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|Date of birth:June 16, 1947|
|Place of birth: San Francisco, California|
|High school: San Francisco (CA) Galileo|
|College: Southern California|
|NFL Draft: 1970 / Round: 1 / Pick: 5|
|Debuted in 1970 for the Buffalo Bills|
|Last played in 1979 for the San Francisco 49ers|
Career NFL statistics
Allen Greg Cowlings (born June 16, 1947 in San Francisco, California) is a retired American football player, known for his role in the saga of O.J. Simpson's murder trial. He played in the NFL between 1970 and 1979 for the Buffalo Bills, Houston Oilers, Los Angeles Rams, Seattle Seahawks, and San Francisco 49ers. Cowlings was taken 5th overall in the first round by the Buffalo Bills in the 1970 NFL Draft.
Cowlings grew up in San Francisco's Potrero Hill neighborhood, where he was a member of the Superiors street gang. He attended Galileo High School, where he played football. He later attended City College of San Francisco, where he also played on the football team.
Cowlings was named an All-American defensive tackle after his senior year at USC. During that senior year, the 1969 Trojan team went undefeated, and Cowlings led a powerful defensive line which was nicknamed "The Wild Bunch" after the movie.
Cowlings was drafted 5th in the first round of the 1970 NFL Draft by the Buffalo Bills. He was a starter his first three years in Buffalo, but he was traded to Houston after the 1972 season. He played all 14 games for the Oilers in both 1973 and 1974, but he played just 5 games in 1975 for the Rams. In 1976, he became a charter member of the Seahawks, after being signed off the waiver wire when the Rams released him at the end of the pre-season. Ironically, he played just one game, due to an injury he suffered while playing for the Rams in an exhibition game against the Seahawks. He returned to the Rams in 1977, skipped the 1978 season, and finished his career in 1979 with the 49ers.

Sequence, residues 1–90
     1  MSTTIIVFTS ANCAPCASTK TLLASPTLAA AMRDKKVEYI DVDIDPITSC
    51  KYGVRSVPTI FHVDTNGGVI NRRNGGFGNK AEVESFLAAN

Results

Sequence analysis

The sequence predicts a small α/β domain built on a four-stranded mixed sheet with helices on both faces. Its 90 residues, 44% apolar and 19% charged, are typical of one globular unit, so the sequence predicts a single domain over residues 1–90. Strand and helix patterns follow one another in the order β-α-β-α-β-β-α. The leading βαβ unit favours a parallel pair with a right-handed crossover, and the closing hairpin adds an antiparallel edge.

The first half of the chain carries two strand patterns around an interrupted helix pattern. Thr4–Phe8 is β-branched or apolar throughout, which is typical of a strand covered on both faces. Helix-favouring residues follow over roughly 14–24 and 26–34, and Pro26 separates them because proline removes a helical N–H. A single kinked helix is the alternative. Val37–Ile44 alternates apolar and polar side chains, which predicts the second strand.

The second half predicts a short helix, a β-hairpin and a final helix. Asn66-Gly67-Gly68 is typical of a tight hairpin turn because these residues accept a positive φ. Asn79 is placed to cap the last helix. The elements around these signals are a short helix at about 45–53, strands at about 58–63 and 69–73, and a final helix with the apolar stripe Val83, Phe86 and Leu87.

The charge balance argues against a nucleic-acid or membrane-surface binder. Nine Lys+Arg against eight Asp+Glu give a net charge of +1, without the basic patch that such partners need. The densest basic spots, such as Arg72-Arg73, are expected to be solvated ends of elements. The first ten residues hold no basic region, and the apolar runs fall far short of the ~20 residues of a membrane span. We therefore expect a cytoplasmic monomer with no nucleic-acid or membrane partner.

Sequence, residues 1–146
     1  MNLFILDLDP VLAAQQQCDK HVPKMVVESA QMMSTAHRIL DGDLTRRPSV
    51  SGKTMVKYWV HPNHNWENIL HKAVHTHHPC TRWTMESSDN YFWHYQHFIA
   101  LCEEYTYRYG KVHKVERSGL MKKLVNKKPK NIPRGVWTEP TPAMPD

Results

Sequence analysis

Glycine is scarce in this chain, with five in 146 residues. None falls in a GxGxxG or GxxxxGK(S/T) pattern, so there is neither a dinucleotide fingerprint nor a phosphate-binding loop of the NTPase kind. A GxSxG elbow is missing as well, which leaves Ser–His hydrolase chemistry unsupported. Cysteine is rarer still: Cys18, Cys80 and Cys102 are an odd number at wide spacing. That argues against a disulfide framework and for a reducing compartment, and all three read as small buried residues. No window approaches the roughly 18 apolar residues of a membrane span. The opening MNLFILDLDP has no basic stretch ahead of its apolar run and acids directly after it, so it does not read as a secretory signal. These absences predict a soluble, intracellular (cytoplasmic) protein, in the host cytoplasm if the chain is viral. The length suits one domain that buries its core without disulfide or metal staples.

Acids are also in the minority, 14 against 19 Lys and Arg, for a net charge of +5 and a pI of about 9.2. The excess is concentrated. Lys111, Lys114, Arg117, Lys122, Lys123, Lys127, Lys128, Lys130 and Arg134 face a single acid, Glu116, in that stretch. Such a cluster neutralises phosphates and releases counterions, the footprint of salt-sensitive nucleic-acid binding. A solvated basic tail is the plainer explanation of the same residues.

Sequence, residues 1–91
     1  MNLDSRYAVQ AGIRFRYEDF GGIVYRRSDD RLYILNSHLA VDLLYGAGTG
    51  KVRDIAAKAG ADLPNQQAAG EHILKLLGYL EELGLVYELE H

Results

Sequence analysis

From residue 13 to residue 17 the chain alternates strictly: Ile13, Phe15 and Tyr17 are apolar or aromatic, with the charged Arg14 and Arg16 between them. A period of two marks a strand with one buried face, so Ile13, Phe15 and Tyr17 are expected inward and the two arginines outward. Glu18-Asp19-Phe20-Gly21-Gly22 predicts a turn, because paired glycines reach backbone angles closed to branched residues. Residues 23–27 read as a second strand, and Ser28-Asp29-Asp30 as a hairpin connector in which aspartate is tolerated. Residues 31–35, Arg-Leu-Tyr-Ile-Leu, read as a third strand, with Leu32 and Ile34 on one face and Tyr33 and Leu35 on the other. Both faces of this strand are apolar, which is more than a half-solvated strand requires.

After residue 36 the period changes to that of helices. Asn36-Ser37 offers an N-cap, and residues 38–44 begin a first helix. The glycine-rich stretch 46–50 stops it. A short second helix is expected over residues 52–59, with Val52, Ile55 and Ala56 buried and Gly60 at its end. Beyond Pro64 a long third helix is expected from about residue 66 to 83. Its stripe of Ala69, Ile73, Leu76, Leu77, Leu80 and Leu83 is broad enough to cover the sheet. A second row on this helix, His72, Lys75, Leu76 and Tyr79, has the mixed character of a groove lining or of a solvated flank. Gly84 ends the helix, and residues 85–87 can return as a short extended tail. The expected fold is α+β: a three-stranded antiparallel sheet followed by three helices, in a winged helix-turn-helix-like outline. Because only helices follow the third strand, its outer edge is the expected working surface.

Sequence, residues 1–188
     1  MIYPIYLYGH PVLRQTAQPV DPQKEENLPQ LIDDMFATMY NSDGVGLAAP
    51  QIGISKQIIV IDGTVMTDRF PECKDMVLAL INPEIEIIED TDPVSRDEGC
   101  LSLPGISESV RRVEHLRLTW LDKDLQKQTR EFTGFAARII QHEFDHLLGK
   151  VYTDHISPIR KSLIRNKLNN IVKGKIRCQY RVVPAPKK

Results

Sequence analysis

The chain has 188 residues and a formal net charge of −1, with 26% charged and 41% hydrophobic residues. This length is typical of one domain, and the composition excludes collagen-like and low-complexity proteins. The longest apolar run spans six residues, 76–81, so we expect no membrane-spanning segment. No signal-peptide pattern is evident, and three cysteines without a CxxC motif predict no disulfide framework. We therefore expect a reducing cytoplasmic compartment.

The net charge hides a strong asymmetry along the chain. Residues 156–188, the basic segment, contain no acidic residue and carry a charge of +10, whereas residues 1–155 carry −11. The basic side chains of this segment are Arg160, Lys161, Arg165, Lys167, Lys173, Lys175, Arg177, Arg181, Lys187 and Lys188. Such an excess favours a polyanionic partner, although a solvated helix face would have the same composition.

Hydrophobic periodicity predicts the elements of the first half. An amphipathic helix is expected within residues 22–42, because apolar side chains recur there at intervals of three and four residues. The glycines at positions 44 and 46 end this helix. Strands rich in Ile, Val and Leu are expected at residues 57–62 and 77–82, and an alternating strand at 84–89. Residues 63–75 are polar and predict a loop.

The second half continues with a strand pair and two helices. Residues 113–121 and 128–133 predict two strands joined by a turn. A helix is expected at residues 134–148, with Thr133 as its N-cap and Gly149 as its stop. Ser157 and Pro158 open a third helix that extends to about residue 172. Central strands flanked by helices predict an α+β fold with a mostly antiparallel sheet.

O.J. Simpson case
Cowlings and Simpson were teammates at Galileo High School, San Francisco City College, USC, the Buffalo Bills, and the San Francisco 49ers; they eventually became close friends and confidantes. Cowlings is most famous for his role in Simpson's capture on June 17, 1994, after a low-speed chase by police on Los Angeles freeways, after the murder of Nicole Brown Simpson and her friend Ronald Goldman several days before. Cowlings claims that Simpson pointed a gun to his own head, demanding he be taken to his home or Simpson would kill himself. The slow-speed chase was televised on live TV from helicopter cameras, and it is estimated it was viewed by approximately 95 million people in the U.S. alone. Cowlings was the driver, Simpson his passenger, in a white 1993 Ford Bronco. During the chase, Cowlings famously told the police "My name is AC. You know who I am, God damn it!" The chase ended at Simpson's mansion in Brentwood, where he then surrendered to police. Cowlings was charged with a felony for aiding a fugitive, and released with $250,000 bail. District Attorney Gil Garcetti said, however, that Cowlings would not be charged due to a lack of evidence.
- Swift (1994)
- Marcin (1971), p. 56.
Ebony (Nov 1974), p. 170.
Ebony (Nov 1977), p. 170– 172.
- de Lama, George (June 21, 1994) "Cowlings, Simpson Inseparable, Even As Teens." Chicago Tribune. (Retrieved 7-1-2014.)
- Wolf, Craig (June 19, 1994) "The Simpson Case: The Friend; A Lifelong Loyalty, True to the End." New York Times. (Retrieved 7-1-2014.)
- Bugliosi (1997), p. 126.
- "O.J. Simpson's Bizarre Saga In Ex-Wife's Murder Ends In Not Guilty Plea". Jet. 1994-07-04. p. 4. Retrieved March 26, 2011.
- 2009 Inductees For USC Athletic Hall Of Fame Inductees Announced
- "Annual Football Roundup: The Defensive Backs". Ebony: 163. Nov 1977.
- Marcin, Joe; Spink, C.C. Johnson, ed. (1971). Sports News Football register. The Sporting News.
- Rhoden, Bill (Nov 1974). "Black Quarterbacks: One Foot in the Door". Ebony: 166.
- Swift, E. M. (27 June 1994). "Friends To The End". Sports Illustrated.
- Bugliosi, Vincent (1997). Outrage: The Five Reasons Why O.J. Simpson Got Away with Murder. Island Books. ISBN 978-0-440-22382-5.